(1R) Mukyu (Novice)
(1D) Shodan (Foundational)
(2D) Nidan (Intermediate)
(3D) Sandan (Database / Web Hacking)
(4D) Yondan (Network Hacking)
(5D) Reverse Engineering”

The Experience 

tom_wilhelm.jpgDuring my enrollment within the Shodan program, there was a great amount of information sharing that came to pass in this Skype-based learning environment.  The classroom examples and real-time “show me” sessions from Tom are done within an info-sharing application.  This approach gives the students a direct look at just what they are learning while Tom explains the contents of the lesson as he goes along with his demonstrations.

Student interaction is encouraged and Tom keeps a consistent pace with the material to be covered during the lesson.  While inquiring with students about how to solve certain aspects of the class material being covered (if it’s known by students), Tom is also querying students about any material that they do not understand or need to have reiterated for complete clarity of the concepts.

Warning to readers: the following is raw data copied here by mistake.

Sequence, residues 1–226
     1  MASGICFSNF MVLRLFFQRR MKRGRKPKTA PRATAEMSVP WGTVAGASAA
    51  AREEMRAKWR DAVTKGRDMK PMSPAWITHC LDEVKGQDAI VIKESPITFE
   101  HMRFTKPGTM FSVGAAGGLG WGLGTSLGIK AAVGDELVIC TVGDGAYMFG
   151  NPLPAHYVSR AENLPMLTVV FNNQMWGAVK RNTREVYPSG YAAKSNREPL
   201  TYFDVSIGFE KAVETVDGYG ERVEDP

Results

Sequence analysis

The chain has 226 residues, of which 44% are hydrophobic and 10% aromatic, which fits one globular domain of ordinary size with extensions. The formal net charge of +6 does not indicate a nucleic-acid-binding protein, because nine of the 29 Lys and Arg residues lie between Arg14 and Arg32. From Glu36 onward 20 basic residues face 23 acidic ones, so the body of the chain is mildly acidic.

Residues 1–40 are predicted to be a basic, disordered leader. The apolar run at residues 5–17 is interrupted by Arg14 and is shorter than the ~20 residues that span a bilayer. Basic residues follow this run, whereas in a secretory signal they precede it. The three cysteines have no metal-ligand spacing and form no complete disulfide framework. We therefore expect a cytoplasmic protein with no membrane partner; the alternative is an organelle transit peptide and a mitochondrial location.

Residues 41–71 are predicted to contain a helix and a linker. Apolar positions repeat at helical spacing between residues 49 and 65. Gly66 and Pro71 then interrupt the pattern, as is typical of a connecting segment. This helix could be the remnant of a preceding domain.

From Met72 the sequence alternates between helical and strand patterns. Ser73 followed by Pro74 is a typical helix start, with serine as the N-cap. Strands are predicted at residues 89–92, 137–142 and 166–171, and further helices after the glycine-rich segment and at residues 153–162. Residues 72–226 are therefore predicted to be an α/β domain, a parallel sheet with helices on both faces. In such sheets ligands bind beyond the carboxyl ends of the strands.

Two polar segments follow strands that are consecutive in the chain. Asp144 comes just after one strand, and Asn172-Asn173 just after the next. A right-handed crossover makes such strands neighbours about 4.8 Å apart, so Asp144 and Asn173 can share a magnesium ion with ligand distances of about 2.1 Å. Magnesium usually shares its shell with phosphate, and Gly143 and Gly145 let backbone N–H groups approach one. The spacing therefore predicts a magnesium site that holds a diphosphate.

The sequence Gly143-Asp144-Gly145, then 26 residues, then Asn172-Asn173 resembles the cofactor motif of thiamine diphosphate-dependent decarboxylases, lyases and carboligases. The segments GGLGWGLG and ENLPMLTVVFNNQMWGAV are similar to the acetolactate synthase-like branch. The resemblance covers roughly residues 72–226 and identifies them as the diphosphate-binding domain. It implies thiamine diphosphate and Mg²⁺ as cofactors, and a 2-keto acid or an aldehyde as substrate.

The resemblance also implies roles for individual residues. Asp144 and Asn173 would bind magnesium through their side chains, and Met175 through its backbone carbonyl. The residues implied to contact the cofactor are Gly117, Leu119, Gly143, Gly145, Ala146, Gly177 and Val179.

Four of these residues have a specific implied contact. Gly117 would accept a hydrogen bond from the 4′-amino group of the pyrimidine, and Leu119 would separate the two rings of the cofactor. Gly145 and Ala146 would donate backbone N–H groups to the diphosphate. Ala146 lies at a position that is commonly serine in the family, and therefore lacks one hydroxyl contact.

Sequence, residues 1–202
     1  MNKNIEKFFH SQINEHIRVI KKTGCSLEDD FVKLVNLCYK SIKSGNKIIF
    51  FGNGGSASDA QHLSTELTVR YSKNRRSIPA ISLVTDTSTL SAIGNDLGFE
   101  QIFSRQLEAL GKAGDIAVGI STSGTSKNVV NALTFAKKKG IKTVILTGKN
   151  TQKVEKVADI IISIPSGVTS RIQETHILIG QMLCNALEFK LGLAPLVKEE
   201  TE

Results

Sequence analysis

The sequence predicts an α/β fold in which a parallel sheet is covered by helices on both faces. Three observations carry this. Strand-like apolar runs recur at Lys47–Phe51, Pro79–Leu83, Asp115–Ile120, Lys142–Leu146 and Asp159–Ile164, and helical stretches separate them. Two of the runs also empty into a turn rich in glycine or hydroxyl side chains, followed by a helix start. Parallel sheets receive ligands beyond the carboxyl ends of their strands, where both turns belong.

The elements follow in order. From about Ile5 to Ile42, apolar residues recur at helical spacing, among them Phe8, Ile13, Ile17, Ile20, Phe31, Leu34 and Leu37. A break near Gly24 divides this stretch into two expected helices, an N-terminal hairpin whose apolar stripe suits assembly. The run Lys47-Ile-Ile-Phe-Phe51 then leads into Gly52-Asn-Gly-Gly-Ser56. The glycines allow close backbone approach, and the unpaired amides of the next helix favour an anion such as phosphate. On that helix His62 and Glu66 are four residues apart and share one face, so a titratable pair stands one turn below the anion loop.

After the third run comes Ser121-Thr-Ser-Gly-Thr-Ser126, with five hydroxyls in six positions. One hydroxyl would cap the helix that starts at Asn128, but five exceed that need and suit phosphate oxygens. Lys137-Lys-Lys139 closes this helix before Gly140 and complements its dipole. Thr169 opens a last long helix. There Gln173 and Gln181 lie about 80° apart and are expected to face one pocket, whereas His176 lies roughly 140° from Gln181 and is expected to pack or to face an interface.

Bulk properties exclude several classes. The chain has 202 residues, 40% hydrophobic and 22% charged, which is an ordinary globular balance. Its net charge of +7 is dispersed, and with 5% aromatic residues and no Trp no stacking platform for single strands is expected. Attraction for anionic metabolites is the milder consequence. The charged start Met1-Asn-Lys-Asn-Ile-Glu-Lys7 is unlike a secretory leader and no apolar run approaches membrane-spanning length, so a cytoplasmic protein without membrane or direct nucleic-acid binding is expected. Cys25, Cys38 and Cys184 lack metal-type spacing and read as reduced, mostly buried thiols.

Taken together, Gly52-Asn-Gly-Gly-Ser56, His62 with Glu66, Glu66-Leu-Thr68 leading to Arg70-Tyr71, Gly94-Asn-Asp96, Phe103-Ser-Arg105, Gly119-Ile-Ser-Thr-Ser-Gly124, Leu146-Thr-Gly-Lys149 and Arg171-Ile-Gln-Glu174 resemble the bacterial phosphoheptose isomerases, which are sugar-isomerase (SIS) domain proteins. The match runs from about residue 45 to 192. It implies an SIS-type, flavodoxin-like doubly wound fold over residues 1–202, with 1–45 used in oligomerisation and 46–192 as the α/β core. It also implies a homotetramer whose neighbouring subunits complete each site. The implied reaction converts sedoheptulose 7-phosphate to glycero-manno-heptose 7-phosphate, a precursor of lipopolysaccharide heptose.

The course material is great and very closely follows Tom’s book, “Professional Penetration Testing: Creating a Formal Hacking Lab.”  The homework assignments for each week’s lesson are concise and easy, as long as the student understands the content within said lesson.  These lessons and homework are all managed by a restricted student-only forum as well as a constantly evolving wiki of information for every student enrolled within any tier of the programs.  Students are encouraged, nay required, to spin up a live distribution of their own such that they can do testing independently and complete their homework assignments.  While this may seem intimidating to some, ideally this is a great concept as it gives the students a real hands-on feel for what they are learning. This also allows for endless trial and error on their own, as they cover material and complete their assignments.